Michael Chabon’s new novel is a beautiful memorial to his grandparent’s lives and a fantastic exploration of family and memory. Although it is fiction, the narrator certainly seems to be Chabon himself, shaping and replaying his family’s story with characteristic talent. The focus is on his grandparents, whose history has been a thing of mystery among his family.
The narrator is staying at his mother’s house, where her father has come to die. He listens to his grandfather’s stories unfold, recollections fueled by his imminent death and pain medication. He learns about his grandparent’s experiences in WWII, their marriage, his grandmother’s descent into madness and his grandfather’s fascination with rocketry. The tales don’t follow chronologically but seem to be relayed as the narrator hears and embellishes upon them.
“After I’m gone, write it down,” his grandfather says. And Chabon does, providing a gorgeous portrait of an amazing couple. — Review by Fay Jones
Samuel Andresen-Anderson is a young but weary English professor who has grown disillusioned by his disengaged students and spineless college administrators. To cope he spends uninterrupted hours playing an online video game. Everything changes when the mother who abandoned him years before is arrested for throwing rocks at a rising right-wing demagogue who is running for president.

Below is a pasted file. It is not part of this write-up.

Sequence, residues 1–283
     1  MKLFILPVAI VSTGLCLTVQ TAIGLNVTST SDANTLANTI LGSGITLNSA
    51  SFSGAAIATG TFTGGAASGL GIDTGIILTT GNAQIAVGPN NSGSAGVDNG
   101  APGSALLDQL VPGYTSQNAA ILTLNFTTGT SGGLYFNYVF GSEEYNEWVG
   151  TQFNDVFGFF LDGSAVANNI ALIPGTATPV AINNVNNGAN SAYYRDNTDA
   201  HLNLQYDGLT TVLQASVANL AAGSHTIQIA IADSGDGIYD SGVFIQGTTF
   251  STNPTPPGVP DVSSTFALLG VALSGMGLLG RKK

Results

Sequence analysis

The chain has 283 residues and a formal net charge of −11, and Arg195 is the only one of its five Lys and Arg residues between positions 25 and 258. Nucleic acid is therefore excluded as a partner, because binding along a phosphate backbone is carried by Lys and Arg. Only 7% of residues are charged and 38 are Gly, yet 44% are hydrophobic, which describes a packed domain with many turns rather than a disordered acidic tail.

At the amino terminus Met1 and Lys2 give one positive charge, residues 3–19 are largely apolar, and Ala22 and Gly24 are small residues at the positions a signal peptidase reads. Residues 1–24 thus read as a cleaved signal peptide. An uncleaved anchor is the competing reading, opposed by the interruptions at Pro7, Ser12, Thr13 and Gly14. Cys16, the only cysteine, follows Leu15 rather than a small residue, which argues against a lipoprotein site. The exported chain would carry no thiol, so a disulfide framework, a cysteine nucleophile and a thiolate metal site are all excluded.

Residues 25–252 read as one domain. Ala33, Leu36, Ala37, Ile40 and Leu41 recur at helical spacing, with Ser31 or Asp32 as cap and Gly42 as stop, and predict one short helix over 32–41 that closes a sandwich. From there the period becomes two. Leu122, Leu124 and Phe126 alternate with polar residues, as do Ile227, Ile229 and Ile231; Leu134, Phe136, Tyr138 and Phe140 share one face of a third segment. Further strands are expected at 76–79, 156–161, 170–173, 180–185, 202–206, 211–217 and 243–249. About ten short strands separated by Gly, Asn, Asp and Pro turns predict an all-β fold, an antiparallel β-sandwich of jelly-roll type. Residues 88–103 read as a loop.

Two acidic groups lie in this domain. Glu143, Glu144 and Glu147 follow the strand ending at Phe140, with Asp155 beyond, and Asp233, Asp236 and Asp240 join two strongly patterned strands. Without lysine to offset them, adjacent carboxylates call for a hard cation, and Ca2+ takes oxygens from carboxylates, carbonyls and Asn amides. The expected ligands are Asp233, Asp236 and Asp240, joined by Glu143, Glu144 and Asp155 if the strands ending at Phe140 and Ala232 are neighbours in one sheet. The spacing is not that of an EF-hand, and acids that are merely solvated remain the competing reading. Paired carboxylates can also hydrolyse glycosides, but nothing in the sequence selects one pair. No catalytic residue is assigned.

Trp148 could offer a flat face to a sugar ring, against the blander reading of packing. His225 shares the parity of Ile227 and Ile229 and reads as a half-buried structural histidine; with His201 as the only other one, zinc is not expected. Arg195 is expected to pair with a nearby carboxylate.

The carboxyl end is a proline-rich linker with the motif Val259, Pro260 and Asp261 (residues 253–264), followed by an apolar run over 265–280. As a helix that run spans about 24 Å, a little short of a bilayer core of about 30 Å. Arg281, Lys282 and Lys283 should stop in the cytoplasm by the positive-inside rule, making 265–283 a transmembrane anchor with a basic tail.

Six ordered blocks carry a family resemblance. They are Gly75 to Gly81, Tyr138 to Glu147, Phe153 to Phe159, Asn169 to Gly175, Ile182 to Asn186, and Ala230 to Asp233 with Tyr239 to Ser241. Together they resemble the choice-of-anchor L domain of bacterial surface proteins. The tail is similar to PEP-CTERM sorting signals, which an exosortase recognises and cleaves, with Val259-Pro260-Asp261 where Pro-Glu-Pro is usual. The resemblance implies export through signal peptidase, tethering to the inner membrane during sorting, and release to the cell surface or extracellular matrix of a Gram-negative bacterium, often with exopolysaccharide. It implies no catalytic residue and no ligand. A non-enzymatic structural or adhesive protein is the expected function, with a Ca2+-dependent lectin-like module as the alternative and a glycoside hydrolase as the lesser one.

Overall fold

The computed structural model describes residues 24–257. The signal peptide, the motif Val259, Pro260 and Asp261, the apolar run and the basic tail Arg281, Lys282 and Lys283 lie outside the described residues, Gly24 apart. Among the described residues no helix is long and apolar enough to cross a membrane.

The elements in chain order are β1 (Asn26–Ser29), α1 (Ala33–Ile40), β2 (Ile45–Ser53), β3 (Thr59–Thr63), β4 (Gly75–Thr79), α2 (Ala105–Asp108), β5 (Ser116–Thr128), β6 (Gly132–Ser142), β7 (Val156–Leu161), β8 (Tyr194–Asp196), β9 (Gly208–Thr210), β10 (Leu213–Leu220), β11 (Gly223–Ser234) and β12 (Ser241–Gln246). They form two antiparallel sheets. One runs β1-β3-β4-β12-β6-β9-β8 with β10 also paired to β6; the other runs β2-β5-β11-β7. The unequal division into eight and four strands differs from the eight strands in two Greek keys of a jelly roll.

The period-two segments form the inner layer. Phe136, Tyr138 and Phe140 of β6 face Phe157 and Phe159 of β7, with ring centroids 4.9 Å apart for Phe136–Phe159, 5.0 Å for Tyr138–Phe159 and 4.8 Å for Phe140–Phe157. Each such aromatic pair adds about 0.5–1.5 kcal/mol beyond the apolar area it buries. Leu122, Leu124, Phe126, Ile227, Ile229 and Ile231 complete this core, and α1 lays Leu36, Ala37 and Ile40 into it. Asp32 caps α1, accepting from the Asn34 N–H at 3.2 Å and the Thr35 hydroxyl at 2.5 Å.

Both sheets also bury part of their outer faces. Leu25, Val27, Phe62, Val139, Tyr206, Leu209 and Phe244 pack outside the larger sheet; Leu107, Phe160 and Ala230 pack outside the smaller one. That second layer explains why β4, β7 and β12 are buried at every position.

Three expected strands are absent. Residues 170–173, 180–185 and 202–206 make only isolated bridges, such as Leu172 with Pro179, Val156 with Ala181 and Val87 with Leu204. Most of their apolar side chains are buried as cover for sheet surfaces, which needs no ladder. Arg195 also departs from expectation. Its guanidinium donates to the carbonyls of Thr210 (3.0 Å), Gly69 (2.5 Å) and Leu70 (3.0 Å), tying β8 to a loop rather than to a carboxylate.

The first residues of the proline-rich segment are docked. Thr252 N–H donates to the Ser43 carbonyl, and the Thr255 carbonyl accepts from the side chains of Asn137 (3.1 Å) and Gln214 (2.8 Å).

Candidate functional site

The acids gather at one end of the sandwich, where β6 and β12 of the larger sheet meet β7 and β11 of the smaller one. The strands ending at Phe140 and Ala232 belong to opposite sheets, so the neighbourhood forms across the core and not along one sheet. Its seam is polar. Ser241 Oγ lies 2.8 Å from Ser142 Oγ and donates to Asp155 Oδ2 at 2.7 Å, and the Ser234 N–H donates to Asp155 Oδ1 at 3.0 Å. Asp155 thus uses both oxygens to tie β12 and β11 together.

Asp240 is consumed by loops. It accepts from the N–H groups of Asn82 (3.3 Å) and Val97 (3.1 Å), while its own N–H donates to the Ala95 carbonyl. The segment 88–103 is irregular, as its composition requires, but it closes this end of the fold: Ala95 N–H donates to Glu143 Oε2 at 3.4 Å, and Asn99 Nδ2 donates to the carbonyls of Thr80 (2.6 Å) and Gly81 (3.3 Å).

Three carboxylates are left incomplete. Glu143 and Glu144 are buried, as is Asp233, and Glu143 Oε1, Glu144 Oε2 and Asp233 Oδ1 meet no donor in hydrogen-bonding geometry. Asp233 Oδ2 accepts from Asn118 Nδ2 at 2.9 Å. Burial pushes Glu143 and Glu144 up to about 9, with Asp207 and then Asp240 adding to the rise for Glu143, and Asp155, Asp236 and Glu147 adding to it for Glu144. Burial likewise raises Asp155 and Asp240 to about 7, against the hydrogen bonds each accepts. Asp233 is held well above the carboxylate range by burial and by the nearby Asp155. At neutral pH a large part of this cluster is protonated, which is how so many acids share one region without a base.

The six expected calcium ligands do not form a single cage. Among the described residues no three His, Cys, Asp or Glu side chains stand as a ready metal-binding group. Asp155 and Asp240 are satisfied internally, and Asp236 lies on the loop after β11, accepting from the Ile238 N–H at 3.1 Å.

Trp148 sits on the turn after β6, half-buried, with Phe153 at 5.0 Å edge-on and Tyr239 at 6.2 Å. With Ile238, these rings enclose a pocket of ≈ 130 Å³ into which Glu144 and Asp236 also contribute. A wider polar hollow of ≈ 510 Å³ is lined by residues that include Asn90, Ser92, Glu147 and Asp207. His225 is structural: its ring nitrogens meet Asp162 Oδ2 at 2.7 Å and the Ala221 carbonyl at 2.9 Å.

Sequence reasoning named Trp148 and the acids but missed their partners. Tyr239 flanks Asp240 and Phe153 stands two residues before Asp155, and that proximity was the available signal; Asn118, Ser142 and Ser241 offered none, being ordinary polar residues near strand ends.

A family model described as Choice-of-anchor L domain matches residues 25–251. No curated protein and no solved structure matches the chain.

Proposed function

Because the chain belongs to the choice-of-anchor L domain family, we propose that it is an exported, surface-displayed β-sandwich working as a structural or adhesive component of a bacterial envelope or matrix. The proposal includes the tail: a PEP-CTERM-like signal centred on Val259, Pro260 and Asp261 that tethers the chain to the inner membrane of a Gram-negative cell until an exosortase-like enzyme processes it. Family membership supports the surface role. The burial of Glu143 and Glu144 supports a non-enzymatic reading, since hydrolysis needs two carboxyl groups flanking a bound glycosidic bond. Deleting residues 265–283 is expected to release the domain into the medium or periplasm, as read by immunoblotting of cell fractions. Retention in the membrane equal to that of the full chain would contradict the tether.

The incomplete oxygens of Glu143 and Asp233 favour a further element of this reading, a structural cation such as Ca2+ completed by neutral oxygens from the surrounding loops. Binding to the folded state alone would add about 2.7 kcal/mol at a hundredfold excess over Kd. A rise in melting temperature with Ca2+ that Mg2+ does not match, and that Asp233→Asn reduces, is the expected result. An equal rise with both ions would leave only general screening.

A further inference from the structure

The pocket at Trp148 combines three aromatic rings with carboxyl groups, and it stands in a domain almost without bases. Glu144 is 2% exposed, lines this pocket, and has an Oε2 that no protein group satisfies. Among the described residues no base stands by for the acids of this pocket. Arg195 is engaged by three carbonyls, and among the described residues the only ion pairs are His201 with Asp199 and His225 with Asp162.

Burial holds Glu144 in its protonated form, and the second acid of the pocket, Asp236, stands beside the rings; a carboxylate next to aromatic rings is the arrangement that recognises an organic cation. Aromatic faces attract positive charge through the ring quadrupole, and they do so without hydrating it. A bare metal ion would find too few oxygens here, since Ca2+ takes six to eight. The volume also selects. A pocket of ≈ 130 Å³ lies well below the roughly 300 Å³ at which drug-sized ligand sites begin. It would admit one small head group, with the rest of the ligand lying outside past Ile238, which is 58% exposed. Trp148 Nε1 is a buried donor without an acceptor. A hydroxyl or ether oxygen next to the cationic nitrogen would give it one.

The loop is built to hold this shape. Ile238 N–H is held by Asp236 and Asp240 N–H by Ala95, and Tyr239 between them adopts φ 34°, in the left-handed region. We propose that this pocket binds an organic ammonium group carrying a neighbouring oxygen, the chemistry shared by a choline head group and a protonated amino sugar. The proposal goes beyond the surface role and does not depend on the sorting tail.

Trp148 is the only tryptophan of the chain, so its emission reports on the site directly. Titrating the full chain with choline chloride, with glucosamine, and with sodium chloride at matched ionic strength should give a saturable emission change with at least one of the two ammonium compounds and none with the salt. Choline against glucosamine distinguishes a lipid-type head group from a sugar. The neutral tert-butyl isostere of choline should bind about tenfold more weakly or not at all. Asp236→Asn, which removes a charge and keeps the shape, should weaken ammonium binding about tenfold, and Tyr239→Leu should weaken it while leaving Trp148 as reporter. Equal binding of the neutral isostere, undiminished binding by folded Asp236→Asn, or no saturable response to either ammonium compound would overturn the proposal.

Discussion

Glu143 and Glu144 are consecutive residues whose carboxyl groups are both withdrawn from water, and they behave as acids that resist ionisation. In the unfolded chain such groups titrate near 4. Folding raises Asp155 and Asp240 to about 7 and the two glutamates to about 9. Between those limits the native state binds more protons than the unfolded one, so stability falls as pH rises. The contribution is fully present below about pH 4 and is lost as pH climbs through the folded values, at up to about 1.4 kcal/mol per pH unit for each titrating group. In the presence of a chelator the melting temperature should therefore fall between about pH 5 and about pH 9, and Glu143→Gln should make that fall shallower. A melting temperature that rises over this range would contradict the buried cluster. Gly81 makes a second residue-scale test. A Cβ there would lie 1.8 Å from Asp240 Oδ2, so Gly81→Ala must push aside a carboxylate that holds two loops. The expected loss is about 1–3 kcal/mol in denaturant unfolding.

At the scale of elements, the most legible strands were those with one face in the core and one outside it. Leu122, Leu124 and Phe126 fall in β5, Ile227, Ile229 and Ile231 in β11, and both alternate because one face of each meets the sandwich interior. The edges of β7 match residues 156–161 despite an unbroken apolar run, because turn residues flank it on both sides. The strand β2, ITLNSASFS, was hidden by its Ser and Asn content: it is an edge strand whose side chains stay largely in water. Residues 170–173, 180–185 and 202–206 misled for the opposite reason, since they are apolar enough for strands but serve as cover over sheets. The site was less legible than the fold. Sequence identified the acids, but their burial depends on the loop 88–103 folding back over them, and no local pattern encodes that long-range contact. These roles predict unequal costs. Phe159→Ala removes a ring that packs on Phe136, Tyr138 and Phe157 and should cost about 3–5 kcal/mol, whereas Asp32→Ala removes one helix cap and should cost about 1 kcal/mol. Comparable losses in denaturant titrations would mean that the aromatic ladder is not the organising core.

Multiple narrators tell intersecting stories in this sprawling, engrossing and unexpectedly timely first novel. Connections emerge between his mother’s current situation and her arrest during the 1968 Chicago Democratic convention. Throughout it all is the Nix, a spirit from Norwegian folklore that his grandfather says will take them away from those they love most and haunt a family for generations.
Nathan Hill, an Iowa native, will be a featured author in the Des Moines Public Library’s 2017 AViD series appearing at the Central Library Thursday, May 11 at 7 p.m. — Review by Sally Wisdom